Speaking at the Heritage Foundation Wednesday morning, Senator Rand Paul (R-Ky.) laid out his specific recommendations for restoring the Founding Fathers’ vision concerning the foreign policy of the United States.
Paul couched his ideas in the context of the current “War on Terror” and the oft-mentioned, though rarely identified, enemy in that war — radical Islam.
“Radical Islam,” said Paul, “is no fleeting fad, but is a relentless force.” It is, “like communism, an ideology with far reach and will require a firm, but patient, opposition,” he continued.
The appropriate response to that force, Paul argued, should neither be “neo-con interventionism” nor "isolationism.” Rather, we should seek a moderate, restrained, middle ground that keeps America’s enemies in check without sacrificing our constitutional values.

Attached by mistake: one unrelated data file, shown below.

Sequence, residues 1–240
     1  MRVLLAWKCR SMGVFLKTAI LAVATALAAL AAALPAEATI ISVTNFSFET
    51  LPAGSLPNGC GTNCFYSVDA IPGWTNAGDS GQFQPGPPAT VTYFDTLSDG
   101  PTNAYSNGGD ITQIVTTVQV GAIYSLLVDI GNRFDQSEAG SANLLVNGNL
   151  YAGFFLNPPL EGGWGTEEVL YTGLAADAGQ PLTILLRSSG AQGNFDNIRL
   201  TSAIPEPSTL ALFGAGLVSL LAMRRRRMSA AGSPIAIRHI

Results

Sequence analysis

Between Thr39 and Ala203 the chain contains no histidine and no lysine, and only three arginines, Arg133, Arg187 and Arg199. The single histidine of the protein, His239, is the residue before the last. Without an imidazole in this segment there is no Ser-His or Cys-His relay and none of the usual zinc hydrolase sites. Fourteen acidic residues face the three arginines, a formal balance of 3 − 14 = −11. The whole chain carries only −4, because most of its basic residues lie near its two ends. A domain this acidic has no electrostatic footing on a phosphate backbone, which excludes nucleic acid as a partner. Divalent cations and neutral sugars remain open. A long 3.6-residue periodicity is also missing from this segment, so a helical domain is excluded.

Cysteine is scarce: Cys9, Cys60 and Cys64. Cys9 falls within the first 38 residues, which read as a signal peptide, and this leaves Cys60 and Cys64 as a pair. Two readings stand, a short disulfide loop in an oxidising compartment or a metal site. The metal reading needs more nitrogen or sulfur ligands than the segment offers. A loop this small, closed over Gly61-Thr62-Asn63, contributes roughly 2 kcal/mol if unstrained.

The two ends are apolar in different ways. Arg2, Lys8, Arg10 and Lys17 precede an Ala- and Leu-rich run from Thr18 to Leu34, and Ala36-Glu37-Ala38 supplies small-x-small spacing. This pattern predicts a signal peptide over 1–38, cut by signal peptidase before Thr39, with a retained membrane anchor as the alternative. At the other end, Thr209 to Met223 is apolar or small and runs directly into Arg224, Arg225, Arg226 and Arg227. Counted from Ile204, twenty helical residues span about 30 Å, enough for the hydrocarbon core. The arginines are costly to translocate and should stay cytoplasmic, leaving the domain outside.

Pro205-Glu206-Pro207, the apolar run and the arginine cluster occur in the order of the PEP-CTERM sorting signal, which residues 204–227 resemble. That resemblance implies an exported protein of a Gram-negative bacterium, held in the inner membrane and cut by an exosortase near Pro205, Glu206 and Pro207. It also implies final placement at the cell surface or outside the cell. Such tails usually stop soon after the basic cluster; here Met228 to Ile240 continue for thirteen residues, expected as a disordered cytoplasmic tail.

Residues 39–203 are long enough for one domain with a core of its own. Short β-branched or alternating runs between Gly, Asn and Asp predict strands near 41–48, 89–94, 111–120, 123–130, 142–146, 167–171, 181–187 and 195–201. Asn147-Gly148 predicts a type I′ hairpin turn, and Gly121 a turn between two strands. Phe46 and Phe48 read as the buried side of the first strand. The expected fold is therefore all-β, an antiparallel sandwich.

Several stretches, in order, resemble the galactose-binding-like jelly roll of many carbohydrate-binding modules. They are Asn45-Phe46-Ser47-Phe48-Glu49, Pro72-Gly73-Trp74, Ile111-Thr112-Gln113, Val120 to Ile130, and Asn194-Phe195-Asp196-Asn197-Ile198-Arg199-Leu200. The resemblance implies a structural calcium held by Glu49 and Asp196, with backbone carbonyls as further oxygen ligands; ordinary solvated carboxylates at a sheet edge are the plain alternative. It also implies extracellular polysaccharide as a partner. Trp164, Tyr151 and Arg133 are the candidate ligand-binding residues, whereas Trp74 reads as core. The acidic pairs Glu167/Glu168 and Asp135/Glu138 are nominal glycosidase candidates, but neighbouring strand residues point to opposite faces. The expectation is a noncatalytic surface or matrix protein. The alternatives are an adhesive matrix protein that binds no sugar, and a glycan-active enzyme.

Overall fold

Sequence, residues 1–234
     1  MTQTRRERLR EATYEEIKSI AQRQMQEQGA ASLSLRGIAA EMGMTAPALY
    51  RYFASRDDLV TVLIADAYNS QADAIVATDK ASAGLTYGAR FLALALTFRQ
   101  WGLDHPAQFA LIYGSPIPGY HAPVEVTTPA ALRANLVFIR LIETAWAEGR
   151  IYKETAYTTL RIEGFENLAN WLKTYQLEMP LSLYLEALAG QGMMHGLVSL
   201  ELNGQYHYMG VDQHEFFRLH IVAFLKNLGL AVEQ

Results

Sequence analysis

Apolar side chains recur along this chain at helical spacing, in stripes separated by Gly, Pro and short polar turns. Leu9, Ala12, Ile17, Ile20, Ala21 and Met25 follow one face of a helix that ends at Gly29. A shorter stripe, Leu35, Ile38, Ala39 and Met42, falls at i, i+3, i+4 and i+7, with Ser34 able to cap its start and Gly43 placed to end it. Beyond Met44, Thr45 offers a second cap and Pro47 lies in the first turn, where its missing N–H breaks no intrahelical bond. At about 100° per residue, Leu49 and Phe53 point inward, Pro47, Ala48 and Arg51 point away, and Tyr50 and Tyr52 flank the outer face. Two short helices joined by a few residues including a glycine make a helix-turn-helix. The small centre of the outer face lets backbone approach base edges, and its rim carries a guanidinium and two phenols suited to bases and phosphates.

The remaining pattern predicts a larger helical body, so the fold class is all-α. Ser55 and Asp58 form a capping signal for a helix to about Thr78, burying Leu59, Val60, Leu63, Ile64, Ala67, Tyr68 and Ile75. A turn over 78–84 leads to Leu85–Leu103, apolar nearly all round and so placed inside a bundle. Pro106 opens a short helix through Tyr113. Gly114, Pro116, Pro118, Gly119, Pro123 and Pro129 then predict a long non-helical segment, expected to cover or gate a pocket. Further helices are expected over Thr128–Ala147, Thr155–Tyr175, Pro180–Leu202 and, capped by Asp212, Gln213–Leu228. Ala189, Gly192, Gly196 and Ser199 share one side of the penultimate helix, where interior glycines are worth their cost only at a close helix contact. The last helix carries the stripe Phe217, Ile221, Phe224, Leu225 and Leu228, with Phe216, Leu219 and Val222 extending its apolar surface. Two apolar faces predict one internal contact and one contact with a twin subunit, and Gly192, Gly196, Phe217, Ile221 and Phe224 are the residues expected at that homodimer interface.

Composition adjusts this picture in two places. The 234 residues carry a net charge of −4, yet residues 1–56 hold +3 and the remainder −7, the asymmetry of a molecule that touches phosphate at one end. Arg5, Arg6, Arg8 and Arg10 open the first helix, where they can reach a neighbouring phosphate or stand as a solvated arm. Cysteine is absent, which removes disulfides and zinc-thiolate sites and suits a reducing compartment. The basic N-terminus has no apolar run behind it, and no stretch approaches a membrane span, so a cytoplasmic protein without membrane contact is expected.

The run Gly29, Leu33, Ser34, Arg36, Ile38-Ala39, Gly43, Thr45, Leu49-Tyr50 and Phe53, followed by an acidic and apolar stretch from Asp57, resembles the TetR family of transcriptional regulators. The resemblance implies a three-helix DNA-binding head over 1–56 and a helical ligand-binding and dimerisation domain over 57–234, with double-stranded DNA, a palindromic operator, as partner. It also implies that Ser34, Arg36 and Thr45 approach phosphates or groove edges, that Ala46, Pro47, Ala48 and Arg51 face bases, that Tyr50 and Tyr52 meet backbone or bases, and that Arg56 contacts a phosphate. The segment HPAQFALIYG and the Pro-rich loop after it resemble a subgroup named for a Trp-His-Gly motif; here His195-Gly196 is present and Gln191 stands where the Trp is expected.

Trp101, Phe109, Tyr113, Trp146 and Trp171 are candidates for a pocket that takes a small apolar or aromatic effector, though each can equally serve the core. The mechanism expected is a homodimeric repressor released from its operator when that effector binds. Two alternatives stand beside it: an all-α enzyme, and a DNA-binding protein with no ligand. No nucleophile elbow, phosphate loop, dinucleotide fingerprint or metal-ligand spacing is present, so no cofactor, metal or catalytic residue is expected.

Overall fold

Those values, Paul said, are best demonstrated by a “more restrained foreign policy” that is the “true conservative” position. By adopting this position, the senator argued, conservatives will be promoting the two principles of that ideology: “respect for the Constitution and fiscal discipline.”
It is the failure of the United States to adhere to its own constitutional values that has led to the intervention and occupation of the Middle East that have “fanned the flames of radical Islam,” Paul said.
Paul posited that military intervention in a country against the wishes of the host government is war and should require a declaration of war by Congress.
Therein lies the rub, in Paul’s view.
U.S. military operations in Libya, for example, were an example of such an intervention and Congress “just sat back and let it happen,” Paul said.
When it comes to deploying the military or using armed force against another nation, Paul said the Congress has become “not just a rubber stamp, but an irrelevancy.”
Before sending troops and arms to Libya, President Obama “sought permission from NATO, the UN, the Arab League, and from everyone but the United States Congress,” Paul recounted. “It is an insult!” he declared.
Making this point, Paul turned to a warning James Madison wrote in a letter written to Thomas Jefferson on April 2, 1798:
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Photo of Senator Rand Paul (R-Ky.): AP Image